Re: Paleo-SeeSaters (or: Sputnik-1 elset req.)

Philip Chien (
Sun, 7 Sep 1997 23:42:19 -0400

>>I'm trying to find the TLE's for the Sputnik 1 (or an approximation)
>>during its first orbits.

Eberst <> said:

>It is unlikely that it would have been seen by the unaided eye. However it was
>accompanied into orbit by its last stage rocket - quoted as being 28 metres
>long, which would have been very visible to the naked eye, and is
>therefore a likely candidate for what the public remember as having seen.

I'll certainly agree with that.  The excellent reference "The Satellite
Experimenter's Handbook" has a description of determining the actual launch
time based on reported observations around the world and the known orbital

The Soviets didn't want to give out a launch time because it could be used
to determine the location of the launch pad - then a very top-secret
location.  And the U.S. wouldn't give out a launch time because how much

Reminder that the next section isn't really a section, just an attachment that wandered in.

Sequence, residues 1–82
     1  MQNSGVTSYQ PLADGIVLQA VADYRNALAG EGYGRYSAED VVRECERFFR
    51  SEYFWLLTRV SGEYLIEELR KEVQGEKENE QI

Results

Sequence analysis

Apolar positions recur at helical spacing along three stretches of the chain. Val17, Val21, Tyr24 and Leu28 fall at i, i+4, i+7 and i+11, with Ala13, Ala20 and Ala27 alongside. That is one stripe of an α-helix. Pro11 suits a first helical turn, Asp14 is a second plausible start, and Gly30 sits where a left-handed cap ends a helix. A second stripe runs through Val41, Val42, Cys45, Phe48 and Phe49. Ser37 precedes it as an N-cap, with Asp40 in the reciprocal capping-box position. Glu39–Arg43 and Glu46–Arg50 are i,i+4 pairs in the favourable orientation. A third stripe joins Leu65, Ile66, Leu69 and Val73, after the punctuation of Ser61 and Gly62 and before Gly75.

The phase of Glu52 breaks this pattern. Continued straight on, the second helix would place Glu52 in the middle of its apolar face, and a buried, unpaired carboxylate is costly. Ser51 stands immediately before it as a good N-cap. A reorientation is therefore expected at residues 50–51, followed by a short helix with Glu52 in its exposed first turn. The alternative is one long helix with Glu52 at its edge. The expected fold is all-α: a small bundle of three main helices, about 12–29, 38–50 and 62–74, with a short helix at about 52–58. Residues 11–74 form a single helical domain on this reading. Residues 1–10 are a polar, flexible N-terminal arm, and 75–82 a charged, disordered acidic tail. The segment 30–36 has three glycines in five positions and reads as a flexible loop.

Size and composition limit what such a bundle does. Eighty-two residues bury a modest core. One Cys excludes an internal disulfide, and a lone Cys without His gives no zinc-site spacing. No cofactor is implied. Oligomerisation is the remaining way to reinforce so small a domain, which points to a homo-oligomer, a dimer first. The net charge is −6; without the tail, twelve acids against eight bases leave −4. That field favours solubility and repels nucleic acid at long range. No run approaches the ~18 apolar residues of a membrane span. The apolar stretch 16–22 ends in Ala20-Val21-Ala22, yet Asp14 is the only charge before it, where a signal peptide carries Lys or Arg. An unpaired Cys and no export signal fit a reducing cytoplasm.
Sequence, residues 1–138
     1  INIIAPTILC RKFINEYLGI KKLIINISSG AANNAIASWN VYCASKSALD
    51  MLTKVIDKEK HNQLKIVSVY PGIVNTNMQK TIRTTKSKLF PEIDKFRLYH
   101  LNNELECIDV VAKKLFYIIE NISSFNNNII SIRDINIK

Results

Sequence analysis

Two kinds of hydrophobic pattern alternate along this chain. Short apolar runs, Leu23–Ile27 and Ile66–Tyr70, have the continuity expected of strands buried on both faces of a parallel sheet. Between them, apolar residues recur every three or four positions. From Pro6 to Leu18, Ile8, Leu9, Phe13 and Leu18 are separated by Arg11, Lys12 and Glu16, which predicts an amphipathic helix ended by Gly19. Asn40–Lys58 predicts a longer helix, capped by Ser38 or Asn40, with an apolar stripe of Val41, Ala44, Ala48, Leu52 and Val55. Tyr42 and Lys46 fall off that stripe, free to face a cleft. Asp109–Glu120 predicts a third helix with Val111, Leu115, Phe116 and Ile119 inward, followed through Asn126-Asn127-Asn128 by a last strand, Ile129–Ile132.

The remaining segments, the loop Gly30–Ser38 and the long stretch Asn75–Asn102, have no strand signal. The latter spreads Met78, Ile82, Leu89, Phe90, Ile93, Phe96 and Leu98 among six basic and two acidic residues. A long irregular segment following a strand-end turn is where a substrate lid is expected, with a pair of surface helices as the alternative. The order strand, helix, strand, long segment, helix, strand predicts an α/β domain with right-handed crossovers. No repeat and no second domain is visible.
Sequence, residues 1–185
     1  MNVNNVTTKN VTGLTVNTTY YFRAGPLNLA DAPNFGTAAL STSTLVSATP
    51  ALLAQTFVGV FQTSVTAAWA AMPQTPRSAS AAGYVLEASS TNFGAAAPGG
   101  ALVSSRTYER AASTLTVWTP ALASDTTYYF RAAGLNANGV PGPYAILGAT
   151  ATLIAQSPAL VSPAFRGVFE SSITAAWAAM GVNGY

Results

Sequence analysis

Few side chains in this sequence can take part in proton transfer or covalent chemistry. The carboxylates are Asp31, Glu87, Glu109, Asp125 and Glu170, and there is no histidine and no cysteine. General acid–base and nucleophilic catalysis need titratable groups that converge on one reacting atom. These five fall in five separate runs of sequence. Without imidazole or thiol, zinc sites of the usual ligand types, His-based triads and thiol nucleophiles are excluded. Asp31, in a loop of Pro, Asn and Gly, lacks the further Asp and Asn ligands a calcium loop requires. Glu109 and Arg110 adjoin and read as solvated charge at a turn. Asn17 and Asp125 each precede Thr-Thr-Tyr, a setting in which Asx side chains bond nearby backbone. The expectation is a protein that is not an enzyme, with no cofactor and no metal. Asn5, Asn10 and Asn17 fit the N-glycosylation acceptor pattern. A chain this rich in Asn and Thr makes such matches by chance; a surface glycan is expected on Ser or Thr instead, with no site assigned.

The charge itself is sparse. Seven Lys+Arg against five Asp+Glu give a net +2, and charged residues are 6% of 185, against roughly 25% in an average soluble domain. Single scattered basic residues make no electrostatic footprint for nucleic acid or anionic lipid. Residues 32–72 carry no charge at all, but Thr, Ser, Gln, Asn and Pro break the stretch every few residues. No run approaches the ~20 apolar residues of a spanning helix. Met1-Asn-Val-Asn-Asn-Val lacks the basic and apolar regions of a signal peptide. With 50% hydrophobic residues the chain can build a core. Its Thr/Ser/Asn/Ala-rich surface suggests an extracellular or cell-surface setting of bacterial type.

that differed from the actual time would indicate the accuracy of the U.S.
tracking capabilities.

The handbook gives the following pieces of revelant data:

Inclination - approximatly 65
Period - 96 minutes 10 seconds

Longitude increment 24 West per orbit

Perigee 170 km

Apogee 990 km.

Launch site - 45 d 55.3' N latitude, 63 d 20.5'E longitude.

The reference other than the launch site location is G.C. Sponsler
"Sputniks over Britian" Physics Today, VOl 11, no. 7, pp 16-21, 1958.

The actual launch time from Soviet sources was 19:28:04 UTC.

Many ham radio operators around the world monitored the 20.007 Mhz. beacon.
Roy Welch W0SL kept his recordings and recently digitized them in Real
Audio and .WAV formats.  Check out the web page -

to hear a 40-year-old recording of the transmissions of the very first
artificial satellite.

Philip Chien [M1959.05.31/31.145//]